At the start of the season, I gave my thoughts on why Modern Family had won its third Emmy for Best Comedy. Making excuses is hardly a good thing, but I had felt I needed to show why it was just as deserving this year as it was the past two seasons. This year, excuses are no longer necessary. Not only are they back on track, they're arguably better than ever. Everyone is clicking and despite a few potentially damaging developments (Gloria's pregnant! Haley got kicked out of college!), Modern Family is as strong as ever. It's rare for a rookie hit to come back after a sophomore slump, but Modern Family is doing it with grand style.

Most Satisfying End: Gossip Girl
My guiltiest of guilty pleasures came to an end in December: The CW's Gossip Girl. For six seasons, I've endured Chair, Dair, Serenate, Darena, Lufus, Ivus, Jate, Juck, and a slew of other relationship ups and downs on the Upper East Side. The finale's revelation as to who Gossip Girl is was kind of fun, as were the numerous cameo appearances from past favorite characters, as well as a hilarious appearance from the voice of Gossip Girl herself, Kristen Bell. It's certainly not going to stand the test of time in television, but it was a fun way to spend six years with the creme de la creme in New York. XOXO, Gossip Girl.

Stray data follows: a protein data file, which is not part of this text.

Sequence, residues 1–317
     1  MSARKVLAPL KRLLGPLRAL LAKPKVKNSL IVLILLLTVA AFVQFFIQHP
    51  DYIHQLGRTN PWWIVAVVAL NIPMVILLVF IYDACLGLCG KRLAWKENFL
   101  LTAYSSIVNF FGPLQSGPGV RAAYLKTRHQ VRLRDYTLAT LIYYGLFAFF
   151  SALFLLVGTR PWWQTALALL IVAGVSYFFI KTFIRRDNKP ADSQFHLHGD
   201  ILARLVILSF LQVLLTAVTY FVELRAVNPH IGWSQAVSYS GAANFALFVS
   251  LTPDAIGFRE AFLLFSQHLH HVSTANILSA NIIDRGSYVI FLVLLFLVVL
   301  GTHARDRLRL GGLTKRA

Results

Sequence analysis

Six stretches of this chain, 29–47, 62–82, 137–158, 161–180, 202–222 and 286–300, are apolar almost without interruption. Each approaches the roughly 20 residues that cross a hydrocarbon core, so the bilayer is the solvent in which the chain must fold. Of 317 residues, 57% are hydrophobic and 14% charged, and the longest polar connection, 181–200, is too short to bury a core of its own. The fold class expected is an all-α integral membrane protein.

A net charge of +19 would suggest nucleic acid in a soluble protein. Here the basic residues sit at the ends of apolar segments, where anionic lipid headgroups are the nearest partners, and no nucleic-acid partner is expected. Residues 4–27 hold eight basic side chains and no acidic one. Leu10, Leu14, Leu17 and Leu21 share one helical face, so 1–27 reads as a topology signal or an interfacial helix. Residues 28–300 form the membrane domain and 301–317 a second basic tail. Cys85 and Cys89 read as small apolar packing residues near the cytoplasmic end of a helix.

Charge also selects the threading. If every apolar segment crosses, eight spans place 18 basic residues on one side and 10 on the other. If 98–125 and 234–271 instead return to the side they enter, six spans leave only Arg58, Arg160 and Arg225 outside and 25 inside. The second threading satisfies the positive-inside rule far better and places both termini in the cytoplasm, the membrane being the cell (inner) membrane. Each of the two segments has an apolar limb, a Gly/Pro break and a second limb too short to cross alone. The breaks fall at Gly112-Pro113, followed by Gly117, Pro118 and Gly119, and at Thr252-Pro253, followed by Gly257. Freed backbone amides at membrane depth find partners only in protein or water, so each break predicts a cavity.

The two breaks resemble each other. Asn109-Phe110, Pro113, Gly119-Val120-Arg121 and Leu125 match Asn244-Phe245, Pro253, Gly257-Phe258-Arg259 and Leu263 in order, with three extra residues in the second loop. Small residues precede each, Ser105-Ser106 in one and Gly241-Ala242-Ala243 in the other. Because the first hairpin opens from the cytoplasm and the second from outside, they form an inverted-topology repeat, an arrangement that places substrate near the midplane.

Most Improved Overall: The Walking Dead
Leave it to showrunner Glen Mazzara (The Shield) to leave the hit zombie series at the end of this season, because he is undoubtedly the reason The Walking Dead has enjoyed such an immense growth in quality during its third season. Killing off major characters has become an art form, and keeping the pace on the line of breakneck is proving to do the trick for the massive AMC hit, clocking in at 10 million viewers on average for just the original 10pm broadcasts alone. It even can boast being the top-rated series in the 18-49 demos, above anything on network television. And despite Mazzara's exit, hopefully Dead is Walking the right path. Finally.

Most Shockingly Great New Show: Go On
In my review for Go On, I admitted to liking the Matthew Perry comedy, but not loving it. It felt like they were shoving too many silly side characters into the show, making it decidedly uneven in the funny. Miraculously, the oddball cast of grieving supporting players are the heart and soul of this show that has often crossed the line into dramatic territory. Dealing with death in such a light-hearted way while still being able to dance the line of genuine heartfelt emotion is tricky, but Go On is pulling it off. Matthew Perry is still a slightly-older Chandler Bing, but it's Chandler if Monica had died and he was learning to cope. My one complaint remaining is the workplace stuff: it remains distracting, especially really-miscast John Cho. He's able for the part, but far from perfect.

Most Frustrating New Show: Nashville